Cover for PFEIFER: Rough Justice: Lynching and American Society, 1874-1947. Click for larger image

Rough Justice

Lynching and American Society, 1874-1947

The history of lynching’s transformation from collective, popular violence to state-sanctioned, sanitized execution

In this first national, cross-regional study of lynching and criminal justice, now in paperback, Michael J. Pfeifer investigates the pervasive and persistent commitment to “rough justice” that characterized rural and working-class areas of most of the United States in the late nineteenth century.

Defining “rough justice” as the harsh, informal, and often communal punishment of perceived criminal behavior, Pfeifer examines the influence of race, gender, and class on understandings of criminal justice and shows how they varied across regions. He argues that lynching only ended when rough justice enthusiasts compromised with middle-class advocates of due process by revamping the death penalty into an efficient, technocratic, and highly racialized mechanism of retributive justice.

“This beautifully written and extremely well-informed study is a landmark that elevates lynching scholarlship to a whole new level. . . . Pfeifer has written a book rich in suggestion and insight that succeeds in every way.”--Journal of American History

"A stimulating and valuable study, which effectively argues its premise."--The Historian

"In this thought-provoking, impressively researched, sweeping study of rough justice in the United States, Pfeifer expands the history of lynching and its transmutation from popular, ritualized collective violece to state-sanctioned, sanitized execution, that is, legal lynching."--American Studies

"Pfeifer's insight, both logical and incisive, shows how the American collective will revamped the notion of lynching into easily digestible solutions of state-mandated death by lethal injection and high voltage."--Black Issues Book Review

“A landmark contribution to the literature on American violence and lynching in particular. . . . No extant book on the subject even attempts what this one so deftly accomplishes.”--W. Fitzhugh Brundage, author of Lynching in the New South: Georgia and Virginia, 1880-1930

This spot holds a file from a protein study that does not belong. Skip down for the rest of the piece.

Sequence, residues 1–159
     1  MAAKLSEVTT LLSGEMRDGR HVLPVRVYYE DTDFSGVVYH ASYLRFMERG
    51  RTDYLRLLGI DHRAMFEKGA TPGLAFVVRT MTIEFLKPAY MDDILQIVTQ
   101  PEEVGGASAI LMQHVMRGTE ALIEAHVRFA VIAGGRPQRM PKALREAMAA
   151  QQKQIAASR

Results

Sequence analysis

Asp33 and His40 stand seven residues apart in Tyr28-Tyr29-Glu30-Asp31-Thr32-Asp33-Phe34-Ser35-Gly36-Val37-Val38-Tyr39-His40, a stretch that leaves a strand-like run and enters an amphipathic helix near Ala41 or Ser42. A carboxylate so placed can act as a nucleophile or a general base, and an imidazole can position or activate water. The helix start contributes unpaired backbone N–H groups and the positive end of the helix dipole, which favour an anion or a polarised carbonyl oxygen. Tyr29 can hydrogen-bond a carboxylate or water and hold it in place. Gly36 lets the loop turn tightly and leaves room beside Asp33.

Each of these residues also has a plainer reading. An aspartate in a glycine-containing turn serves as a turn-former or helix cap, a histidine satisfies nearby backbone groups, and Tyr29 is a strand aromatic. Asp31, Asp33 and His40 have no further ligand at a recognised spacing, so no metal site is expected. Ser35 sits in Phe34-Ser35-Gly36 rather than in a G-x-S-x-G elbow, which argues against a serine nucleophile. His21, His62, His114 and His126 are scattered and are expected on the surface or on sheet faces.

"Pfeifer's insight, both logical and incisive, shows how the American collective will revamped the notion of lynching into easily digestible solutions of state-mandated death by lethal injection and high voltage."--Black Issues Book Review

Michael J. Pfeifer is an associate professor of history at John Jay College of Criminal Justice, CUNY, and the author of The Roots of Rough Justice: Origins of American Lynching.

To order online:
http://www.press.uillinois.edu/books/catalog/74hxp5ad9780252074059.html

To order by phone:
(800) 621-2736 (USA/Canada)
(773) 702-7000 (International)

Related Titles

previous book next book
The Roots of Rough Justice

Origins of American Lynching

Michael J. Pfeifer

Lynching Beyond Dixie

American Mob Violence Outside the South

Edited by Michael J. Pfeifer

Freeing Charles

The Struggle to Free a Slave on the Eve of the Civil War

Scott Christianson

“Swing the Sickle for the Harvest Is Ripe”

Gender and Slavery in Antebellum Georgia

Daina Ramey Berry

Sex, Sickness, and Slavery

Illness in the Antebellum South

Marli F. Weiner

Troubled Ground

A Tale of Murder, Lynching, and Reckoning in the New South

Claude A. Clegg III

Southern Single Blessedness

Unmarried Women in the Urban South, 1800-1865

Christine Jacobson Carter

A Scalawag in Georgia

Richard Whiteley and the Politics of Reconstruction

William Warren Rogers Jr.

Devil's Game

The Civil War Intrigues of Charles A. Dunham

Carman Cumming